Love is a choice. It’s an action. Oh pheromones may draw us to each other. Or maybe a certain look, but over time, it’s a choice. By that I don’t mean choosing to stay in a relationship–it’s that of course–but the real choice, the transfiguration that happens in families, in great friendships, and with love is the one where you accept and see the limitations and flaws of the other person and know that even though they’re limited, even though they sometimes frustrate and anger you, they are enough.
The transfiguring doesn’t happen right away. It isn’t easy either. As Rilke says, “For one human being to love another human being: that is perhaps the most difficult task that has been entrusted to us, the ultimate task, the final test and proof, the work for which all other work is merely preparation.” (Letters to a Young Poet #7). It helps if you’ve done the work and have a working sense of your limits, flaws. Knowing them, you still see yourself as whole.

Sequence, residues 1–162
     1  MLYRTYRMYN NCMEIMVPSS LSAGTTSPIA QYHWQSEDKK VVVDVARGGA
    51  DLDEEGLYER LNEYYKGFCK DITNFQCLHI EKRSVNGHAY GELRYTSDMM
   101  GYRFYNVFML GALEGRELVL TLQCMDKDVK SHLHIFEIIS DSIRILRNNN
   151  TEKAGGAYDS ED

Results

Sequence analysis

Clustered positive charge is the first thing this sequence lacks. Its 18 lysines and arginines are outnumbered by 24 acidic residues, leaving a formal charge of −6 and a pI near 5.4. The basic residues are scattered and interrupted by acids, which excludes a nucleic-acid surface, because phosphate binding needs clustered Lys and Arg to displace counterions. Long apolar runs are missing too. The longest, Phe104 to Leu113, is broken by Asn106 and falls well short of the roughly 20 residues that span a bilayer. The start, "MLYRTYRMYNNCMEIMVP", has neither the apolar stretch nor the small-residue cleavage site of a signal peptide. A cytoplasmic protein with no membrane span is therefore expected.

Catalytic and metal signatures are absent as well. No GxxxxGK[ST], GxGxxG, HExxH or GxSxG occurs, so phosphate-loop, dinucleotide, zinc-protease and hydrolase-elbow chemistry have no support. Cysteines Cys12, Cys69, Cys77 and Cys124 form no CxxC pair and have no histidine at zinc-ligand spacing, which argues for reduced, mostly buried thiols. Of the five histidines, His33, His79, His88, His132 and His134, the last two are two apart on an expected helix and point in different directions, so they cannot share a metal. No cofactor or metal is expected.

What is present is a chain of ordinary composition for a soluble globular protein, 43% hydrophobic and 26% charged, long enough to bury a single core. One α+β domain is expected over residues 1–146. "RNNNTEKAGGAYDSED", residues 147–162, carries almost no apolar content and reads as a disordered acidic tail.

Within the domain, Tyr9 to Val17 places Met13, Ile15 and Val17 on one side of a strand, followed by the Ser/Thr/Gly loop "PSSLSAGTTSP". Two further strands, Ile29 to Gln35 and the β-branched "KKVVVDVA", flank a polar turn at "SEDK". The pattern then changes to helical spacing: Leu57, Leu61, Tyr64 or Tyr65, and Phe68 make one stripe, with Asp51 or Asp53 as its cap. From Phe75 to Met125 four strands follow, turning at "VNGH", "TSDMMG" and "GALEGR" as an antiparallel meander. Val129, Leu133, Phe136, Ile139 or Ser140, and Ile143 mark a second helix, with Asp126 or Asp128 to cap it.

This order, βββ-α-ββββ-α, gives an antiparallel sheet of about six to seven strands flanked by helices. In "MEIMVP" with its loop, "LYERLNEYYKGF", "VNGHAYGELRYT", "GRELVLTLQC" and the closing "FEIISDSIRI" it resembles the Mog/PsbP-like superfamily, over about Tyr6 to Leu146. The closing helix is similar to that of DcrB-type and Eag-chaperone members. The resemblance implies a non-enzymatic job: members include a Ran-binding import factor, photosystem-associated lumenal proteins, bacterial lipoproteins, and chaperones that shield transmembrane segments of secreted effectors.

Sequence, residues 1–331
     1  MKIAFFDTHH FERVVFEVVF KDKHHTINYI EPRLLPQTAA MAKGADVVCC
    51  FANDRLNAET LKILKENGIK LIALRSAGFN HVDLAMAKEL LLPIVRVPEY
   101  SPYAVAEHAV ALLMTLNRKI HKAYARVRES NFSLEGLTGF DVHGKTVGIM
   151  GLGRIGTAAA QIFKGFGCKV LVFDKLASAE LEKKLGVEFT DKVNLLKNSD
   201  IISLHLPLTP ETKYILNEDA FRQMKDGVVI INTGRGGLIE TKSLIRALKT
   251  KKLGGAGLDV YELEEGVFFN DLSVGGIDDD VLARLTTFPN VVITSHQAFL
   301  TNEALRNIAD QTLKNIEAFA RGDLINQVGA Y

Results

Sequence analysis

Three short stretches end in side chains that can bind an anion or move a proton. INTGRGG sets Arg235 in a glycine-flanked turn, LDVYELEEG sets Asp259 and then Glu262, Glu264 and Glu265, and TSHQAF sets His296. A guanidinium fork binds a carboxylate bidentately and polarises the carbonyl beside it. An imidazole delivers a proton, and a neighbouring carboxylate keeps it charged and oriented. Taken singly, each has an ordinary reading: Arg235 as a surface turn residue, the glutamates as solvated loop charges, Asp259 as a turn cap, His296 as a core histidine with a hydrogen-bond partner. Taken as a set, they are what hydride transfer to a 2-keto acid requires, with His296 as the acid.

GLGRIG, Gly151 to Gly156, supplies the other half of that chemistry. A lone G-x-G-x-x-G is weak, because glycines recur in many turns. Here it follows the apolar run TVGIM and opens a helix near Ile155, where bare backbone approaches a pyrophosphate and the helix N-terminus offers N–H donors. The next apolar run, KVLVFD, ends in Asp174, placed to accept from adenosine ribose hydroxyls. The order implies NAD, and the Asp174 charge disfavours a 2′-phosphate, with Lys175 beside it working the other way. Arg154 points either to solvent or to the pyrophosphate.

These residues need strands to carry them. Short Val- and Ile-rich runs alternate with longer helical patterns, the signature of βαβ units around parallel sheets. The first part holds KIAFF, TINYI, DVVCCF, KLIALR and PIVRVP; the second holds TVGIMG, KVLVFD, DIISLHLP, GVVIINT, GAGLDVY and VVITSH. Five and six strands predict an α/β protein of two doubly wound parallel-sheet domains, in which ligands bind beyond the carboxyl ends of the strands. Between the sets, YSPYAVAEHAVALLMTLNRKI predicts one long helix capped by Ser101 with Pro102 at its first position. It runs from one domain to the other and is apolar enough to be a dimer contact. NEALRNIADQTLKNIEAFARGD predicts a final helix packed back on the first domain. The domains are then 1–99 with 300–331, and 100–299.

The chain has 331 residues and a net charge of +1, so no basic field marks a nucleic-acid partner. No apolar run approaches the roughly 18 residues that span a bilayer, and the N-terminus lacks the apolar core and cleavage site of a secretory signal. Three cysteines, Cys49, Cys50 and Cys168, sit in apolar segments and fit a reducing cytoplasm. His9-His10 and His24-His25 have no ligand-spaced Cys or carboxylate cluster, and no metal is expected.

Anais Nin’s wisdom rings true, “We don’t see things as they are, we see them as we are.” Or as we are not. Today I saw a postcard that said, “Throwback Thursday, that picture you took twenty pounds ago when you wished you’d taken more pictures of yourself before you were fat.” We don’t see people as they are. We see age, disability, orientation, color, creed, weight, and class. As Annie Dillard notes in Pilgim at Tinker Creek, “What you see is what you get.” As with a lot of things, Transfiguring begins with you.
Here’s a neat transfiguration story I first encountered moons ago, in Scott Peck’s book The Different Drum. Who said how long? It is so long ago that if I were to tell you how long, I’d have to cough as I did. You know, so you wouldn’t hear me (and I wouldn’t hear myself).
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